Oh, what a night

By Bishop L. Jonathan Holston

“At once the angel was joined by a huge angelic choir singing God’s praises: ‘Glory to God in the heavenly heights, peace to all men and women on earth who please him.’ As the angel choir withdrew into heaven, the shepherds talked it over. ‘Let’s get over to Bethlehem as fast as we can and see for ourselves what God has revealed to us.’ They left, running, and found Mary and Joseph, and the baby lying in the manger. Seeing was believing. They told everyone they met what the angels had said about this child. All who heard the shepherds were impressed.”—Luke 2:13-18 (MSG)

Amid all we face in our communities and in our own lives, the hope, joy, peace and love of the Advent season await us. In a season when every heart should be happy and light, many of us struggle with burdens that threaten to steal our joy.

The angel’s cry of “peace on earth” seems like more of a wish than a blessing. And those who want to sing carols and hear the Christmas story seem so small against the backdrop of a troubled world.

Throughout history, the good news has always been set amid world events as a promise that God works among that which seems small and insignificant to change the world.

My friends, God loves this world and will not give up on it; nor will God give up on us.

It’s an audacious claim that the birth of a baby in a small town could possibly matter. But this story is about more than just a baby. It’s about the Savior, the light of the world. It’s about Emmanuel—God with us. The longing of God’s people to experience God’s presence long ago is our longing still to experience God’s presence today.

On that miraculous night when Christ was born, the angel told the shepherds, “Do not be afraid.” But they were terrified. The angel persisted, saying, “Don’t be afraid, for I bring you good news of great joy for all the people. Today in the town of David a Savior has been born to you who is the Messiah, the Lord.”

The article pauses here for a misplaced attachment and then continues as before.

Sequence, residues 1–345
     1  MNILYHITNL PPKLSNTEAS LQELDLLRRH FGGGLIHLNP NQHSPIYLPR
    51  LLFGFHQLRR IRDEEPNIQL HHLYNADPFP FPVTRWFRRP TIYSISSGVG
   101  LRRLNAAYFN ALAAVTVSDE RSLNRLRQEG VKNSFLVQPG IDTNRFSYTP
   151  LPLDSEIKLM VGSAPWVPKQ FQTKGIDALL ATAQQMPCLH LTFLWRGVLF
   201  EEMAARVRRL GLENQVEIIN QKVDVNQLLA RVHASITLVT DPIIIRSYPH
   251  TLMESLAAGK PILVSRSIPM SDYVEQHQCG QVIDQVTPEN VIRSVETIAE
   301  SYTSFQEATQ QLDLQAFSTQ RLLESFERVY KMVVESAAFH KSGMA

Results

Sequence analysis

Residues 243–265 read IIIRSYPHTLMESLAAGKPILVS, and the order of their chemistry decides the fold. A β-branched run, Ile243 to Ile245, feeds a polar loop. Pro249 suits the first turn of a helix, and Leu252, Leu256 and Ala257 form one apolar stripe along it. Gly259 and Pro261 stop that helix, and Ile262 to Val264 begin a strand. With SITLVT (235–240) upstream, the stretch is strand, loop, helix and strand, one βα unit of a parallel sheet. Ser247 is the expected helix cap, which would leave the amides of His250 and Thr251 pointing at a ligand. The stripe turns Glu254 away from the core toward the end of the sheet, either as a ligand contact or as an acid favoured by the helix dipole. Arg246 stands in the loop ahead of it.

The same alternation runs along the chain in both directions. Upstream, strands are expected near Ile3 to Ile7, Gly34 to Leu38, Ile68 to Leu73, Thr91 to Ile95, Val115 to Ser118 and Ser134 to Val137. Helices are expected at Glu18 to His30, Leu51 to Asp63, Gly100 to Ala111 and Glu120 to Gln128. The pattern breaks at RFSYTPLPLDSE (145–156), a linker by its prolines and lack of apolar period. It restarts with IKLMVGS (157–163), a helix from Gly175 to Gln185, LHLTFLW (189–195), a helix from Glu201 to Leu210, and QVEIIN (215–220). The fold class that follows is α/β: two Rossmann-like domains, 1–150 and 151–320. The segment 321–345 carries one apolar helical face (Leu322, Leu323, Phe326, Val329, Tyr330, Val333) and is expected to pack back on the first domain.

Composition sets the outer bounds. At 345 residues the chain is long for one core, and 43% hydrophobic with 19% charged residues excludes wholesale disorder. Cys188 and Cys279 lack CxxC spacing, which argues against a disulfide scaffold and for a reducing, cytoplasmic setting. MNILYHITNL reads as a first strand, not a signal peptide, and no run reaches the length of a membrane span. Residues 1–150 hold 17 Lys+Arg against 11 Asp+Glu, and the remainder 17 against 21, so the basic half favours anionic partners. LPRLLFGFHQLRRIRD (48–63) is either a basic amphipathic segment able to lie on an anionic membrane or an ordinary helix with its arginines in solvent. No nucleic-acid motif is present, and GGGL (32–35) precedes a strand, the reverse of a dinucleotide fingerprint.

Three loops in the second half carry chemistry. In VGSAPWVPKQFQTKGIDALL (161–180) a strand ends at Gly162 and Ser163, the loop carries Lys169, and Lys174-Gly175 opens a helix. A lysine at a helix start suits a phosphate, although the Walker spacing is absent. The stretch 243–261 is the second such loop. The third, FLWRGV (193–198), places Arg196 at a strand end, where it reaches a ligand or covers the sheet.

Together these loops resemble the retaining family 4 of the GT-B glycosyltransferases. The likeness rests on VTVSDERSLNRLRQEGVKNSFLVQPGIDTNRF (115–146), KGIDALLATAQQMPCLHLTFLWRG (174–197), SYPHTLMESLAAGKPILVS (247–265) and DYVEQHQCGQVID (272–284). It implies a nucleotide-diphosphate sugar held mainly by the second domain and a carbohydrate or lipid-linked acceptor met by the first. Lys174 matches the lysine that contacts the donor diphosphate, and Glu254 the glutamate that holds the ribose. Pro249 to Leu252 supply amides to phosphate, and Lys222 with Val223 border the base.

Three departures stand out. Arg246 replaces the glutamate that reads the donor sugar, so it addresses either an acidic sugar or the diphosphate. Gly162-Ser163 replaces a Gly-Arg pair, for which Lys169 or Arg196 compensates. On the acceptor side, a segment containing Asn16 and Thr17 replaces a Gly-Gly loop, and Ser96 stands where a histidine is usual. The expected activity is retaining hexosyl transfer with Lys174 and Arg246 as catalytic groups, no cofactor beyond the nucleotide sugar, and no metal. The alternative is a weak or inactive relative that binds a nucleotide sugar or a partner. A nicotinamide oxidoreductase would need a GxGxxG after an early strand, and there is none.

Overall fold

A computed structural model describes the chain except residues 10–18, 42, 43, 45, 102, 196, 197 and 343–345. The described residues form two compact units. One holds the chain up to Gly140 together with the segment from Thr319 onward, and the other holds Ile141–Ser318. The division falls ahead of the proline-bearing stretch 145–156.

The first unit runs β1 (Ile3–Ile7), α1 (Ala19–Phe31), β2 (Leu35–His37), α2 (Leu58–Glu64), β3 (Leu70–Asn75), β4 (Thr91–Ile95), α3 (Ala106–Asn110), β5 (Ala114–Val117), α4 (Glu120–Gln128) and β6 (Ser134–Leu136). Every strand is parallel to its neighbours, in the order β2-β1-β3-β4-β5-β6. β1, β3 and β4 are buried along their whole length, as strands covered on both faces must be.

And what happened next? The shepherds went. They didn’t stop to consider the economic impact of the decision. They didn’t take a vote, form a committee or request more information. They hurried off to Bethlehem and found things exactly as the angel had said.

Just as the shepherds experienced on that night long ago, we celebrate what God has already done for us, and we take time to remember that God is moving, God has moved and God is moving us. God is calling us to see and believe, and to tell the story to all whom we meet.

God doesn’t want us to become stuck—stuck in what was, stuck in the glory of what used to be or stuck in the memory of how things were. God’s desire is for us to be part of the new thing God is doing.

The true gift of the Christmas story resides in the promise that God really is with us and that we are not alone. Wherever God calls us to go, God also accompanies us all the way there.

So no matter the circumstances we face, Advent arrives, calling us back to the manger, back to God’s presence and back to the promise that we serve a mighty God who has plans for us. Plans to prosper us and not to harm us. Plans to give us hope and a future.

This year, in this season of Advent, amid the backdrop of a troubled world, we journey with anticipation toward Christmas. Despite all the distractions around us, we focus on the hope that exists because of the birth of the Christ child.

We anticipate the joy of experiencing God’s promise fulfilled, and in so doing, our hearts are prepared both to receive the greatest gift and to share it freely with

Get Periodic Updates from the Advocate We never sell or share your information. You can unsubscribe from receiving our emails at any time.